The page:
Monica Jansen is Assistant Professor in Italian at Utrecht University. Her research interests are: Italian contemporary literature and culture, modernism and postmodernism studies, cultural memory studies and precarity studies. Publications include: Il dibattito sul postmoderno in Italia: In bilico tra dialettica e ambiguità (Franco Cesati, 2002); a number of co-edited volumes, of which The History of Futurism: The Precursors, Protagonists, and Legacies (Lexington books, 2012), Le culture del precariato. Pensiero, azione, narrazione (ombre corte, 2015), Televisionismo. Narrazioni televisive della storia italiana negli anni della seconda Repubblica (edizioni Ca’ Foscari, 2015), and “Futurism and the Sacred”, International Yearbook of Futurism Studies 11 (De Gruyter, 2022); special journal issues, articles and book chapters. She is co-editor-in-chief of Annali d’Italianistica and is a member of the editorial board of the Journal of Italian Cinema & Media Studies. She is a director of the book series “Moving Texts” (Peter Lang).
“Celso Costantini’s Uses of Modernism in Missionary Sacred Art: An Act of Decolonization?”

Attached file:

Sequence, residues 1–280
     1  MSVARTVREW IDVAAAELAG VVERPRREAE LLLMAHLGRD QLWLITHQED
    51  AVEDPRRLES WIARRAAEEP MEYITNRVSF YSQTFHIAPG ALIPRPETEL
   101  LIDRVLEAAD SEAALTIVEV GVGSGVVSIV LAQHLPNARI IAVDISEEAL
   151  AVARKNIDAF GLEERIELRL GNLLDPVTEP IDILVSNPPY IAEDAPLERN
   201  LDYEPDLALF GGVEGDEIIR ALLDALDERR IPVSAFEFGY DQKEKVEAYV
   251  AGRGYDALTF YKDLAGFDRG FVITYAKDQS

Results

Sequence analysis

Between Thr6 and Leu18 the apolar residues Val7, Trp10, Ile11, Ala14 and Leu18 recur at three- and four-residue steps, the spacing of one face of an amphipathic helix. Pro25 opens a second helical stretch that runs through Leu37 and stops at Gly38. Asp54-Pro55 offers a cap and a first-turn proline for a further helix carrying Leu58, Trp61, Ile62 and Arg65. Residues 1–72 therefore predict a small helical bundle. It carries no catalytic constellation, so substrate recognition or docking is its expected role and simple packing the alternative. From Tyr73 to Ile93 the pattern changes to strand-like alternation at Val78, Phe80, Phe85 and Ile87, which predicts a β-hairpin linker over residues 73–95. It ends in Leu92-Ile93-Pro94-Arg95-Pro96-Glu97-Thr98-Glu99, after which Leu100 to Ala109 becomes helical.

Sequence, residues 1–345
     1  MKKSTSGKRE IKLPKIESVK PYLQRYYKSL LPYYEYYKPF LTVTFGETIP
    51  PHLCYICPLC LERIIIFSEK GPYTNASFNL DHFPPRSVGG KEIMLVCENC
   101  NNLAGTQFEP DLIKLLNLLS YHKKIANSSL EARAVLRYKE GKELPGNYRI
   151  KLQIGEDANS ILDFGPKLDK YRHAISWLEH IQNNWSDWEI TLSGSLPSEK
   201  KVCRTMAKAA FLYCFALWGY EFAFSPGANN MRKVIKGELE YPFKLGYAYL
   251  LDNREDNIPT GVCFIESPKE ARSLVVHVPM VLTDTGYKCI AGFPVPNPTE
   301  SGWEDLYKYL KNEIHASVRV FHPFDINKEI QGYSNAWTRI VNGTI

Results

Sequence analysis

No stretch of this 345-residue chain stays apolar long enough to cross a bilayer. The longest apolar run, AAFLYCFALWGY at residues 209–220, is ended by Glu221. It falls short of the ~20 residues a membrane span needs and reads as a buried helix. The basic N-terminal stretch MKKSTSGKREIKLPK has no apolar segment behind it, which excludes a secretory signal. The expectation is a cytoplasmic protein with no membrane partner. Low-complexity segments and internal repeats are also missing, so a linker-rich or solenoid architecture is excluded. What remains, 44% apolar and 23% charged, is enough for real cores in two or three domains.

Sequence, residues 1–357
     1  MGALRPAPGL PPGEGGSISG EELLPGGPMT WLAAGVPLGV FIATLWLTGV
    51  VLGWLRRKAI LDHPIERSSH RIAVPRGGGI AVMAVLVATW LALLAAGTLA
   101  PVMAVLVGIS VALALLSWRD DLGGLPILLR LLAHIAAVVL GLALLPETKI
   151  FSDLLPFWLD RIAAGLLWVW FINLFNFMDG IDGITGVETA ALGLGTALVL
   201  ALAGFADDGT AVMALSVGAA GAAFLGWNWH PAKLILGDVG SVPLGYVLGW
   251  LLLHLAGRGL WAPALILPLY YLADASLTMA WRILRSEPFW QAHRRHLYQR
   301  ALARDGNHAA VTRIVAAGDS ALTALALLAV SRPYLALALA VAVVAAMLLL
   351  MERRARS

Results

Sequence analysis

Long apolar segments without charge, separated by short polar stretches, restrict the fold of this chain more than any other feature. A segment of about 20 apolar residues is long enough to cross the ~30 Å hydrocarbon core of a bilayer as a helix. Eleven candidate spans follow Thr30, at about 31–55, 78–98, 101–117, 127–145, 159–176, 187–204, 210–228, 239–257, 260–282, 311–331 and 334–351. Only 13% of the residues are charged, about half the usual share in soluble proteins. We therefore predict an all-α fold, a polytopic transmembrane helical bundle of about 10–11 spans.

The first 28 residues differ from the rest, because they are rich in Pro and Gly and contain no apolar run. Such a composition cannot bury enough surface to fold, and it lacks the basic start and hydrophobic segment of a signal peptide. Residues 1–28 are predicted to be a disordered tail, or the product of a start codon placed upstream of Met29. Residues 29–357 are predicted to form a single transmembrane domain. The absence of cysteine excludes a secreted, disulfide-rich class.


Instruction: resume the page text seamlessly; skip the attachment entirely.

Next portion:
Celso Costantini (1876-1958), founder of the magazine Arte Cristiana in 1913 and appointed head of the Sacred Congregation of Propaganda Fide in 1935, became the main promoter and executor of Pope XI’s ideas on modern sacred art, and of the missionary policies of “inculturation” of the Popes Benedict XV, Pius XI and Pius XII. He theorized the modernization of sacred art and architecture in opposition to novecentismo, and adopted his ideas on modernity and modernism also to missionary sacred art and indigenous art forms. In 1938 Costantini published on Arte Cristiana “Arte cristiana negra”, in which he asked how primitive black art could be “corrected” by Catholic missionary sacred art. In 1939 he questioned in “L’arte cristiana in Etiopia” how the universal missionary goal of evangelization could be reconciled with the Fascist regime’s aim to “italianize” Italian East Africa. This paper firstly aims to analyse Costantini’s writings on novecentismo, black art and missionary sacred art as documents which offer a canonical repertory of modern uses and modernist abuses of African primitive art within the restrictions of Christian liturgy and iconography. Special attention will be given to the transnational and interdisciplinary dimension of the sources which form his bibliography and to the photographs of artistic objects of which many originate from missionary collections. Secondly this study also starts from the assumption that Costantini has been a key-promoter in the process of the Church “decolonizing its Asian, African, and Latin American dioceses” during the last decades of European imperialism (Bridger, 2015: 108). To question the tension between the “de-westernization” of missionary art and the Christianization of indigenous art (Marinaccio 2021: 279), this paper proposes to read Costantini’s uses of modernism also from the present perspective of decolonial art practices, starting from two recent exhibitions in Brussels, IncarNations (Bozar, 2019) and Europa, Oxalá (Afrika Museum, 2022-23).